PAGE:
LR: And what is the work that you’re doing?
CH: We’re doing dresses and shorts for under school. We do size eighteen months to four or five years.
LR: And all from leftover.
CH: Leftovers and I thought I was going to get to rid of my leftovers and instead I’m getting more because people donate leftovers now that they know this is a game. So that’s what I’m doing much more than anything with quilts.
LR: Back to design just a minute. What do you think makes a great quilt? When you’re judging for example? How would you define a great quilt?
CH: Well, when you’re judging, you usually have a breakdown of say twenty-five out of a hundred points, twenty-five for general appearance and design and maybe thirty-five for workmanship and then that breaks down into the putting together of the quilt, pieced or appliquéd and the quilting itself. And then there are a lot of fiddly diddly things like points for the bindings and finishings and whether the quilt hangs straight. If you are judging quilts hung in a show, you usually give points for that. And lots of different things make a great quilt. I mean if we’re talking modern quilts sometimes humor is a great thing in the pictorial quilts of today [Carter’s phone rings and she excuses herself to answer it.] Excuse me. [Le turns off the tape recorder for eight minutes while Carter is on the phone.]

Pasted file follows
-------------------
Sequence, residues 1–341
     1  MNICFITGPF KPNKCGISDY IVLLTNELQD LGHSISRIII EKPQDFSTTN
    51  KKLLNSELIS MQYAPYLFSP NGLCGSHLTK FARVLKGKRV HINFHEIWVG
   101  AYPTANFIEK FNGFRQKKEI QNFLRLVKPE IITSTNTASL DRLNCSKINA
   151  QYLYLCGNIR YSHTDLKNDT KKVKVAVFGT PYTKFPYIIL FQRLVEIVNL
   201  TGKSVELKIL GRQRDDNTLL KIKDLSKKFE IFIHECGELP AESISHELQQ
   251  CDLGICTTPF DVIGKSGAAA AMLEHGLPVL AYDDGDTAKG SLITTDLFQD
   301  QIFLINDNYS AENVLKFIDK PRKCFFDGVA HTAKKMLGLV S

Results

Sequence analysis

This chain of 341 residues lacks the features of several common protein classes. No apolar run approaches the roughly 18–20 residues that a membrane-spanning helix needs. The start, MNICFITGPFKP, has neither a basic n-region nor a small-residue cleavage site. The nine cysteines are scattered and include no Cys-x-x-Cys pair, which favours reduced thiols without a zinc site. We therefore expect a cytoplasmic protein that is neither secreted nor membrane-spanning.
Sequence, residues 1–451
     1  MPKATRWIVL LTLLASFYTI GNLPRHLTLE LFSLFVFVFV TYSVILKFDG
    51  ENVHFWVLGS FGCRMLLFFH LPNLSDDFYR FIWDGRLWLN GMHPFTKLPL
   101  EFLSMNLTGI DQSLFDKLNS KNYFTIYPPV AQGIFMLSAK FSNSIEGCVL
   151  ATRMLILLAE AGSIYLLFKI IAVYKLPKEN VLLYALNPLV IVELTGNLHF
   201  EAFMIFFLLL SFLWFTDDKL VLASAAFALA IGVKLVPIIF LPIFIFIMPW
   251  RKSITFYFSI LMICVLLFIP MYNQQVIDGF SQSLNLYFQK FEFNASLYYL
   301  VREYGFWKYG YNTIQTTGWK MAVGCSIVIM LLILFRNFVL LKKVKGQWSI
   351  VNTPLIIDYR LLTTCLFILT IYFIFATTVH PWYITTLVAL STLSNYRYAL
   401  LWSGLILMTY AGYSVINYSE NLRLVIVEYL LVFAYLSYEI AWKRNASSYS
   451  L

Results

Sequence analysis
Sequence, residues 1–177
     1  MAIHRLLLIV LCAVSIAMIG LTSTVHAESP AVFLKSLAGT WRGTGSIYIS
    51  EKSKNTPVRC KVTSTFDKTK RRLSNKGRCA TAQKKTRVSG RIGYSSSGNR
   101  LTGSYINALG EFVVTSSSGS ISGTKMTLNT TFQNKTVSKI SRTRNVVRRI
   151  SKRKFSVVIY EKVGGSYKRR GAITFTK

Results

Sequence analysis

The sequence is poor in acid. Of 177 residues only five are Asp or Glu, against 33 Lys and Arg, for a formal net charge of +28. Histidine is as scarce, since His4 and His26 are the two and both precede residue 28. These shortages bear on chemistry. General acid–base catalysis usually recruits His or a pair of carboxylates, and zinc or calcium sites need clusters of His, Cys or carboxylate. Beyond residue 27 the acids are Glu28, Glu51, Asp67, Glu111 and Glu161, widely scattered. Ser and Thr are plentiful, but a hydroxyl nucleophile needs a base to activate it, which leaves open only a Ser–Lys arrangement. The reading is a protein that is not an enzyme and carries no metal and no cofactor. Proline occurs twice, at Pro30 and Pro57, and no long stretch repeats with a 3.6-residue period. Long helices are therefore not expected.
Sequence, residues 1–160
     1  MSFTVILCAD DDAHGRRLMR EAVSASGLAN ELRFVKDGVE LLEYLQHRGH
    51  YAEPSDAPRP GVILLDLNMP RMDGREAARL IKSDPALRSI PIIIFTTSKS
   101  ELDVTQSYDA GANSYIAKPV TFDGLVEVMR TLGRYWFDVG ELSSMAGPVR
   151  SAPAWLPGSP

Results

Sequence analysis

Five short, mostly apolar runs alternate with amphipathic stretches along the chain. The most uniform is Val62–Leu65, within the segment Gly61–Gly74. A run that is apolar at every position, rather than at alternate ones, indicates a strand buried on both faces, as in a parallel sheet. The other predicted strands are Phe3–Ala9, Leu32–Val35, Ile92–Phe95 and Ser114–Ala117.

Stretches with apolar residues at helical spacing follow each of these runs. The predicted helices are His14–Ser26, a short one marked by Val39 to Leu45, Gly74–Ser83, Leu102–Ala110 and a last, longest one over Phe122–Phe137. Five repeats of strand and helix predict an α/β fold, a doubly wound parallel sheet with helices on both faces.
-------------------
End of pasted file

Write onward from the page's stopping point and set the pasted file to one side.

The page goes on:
LR: We were talking about design elements and what makes a great quilt.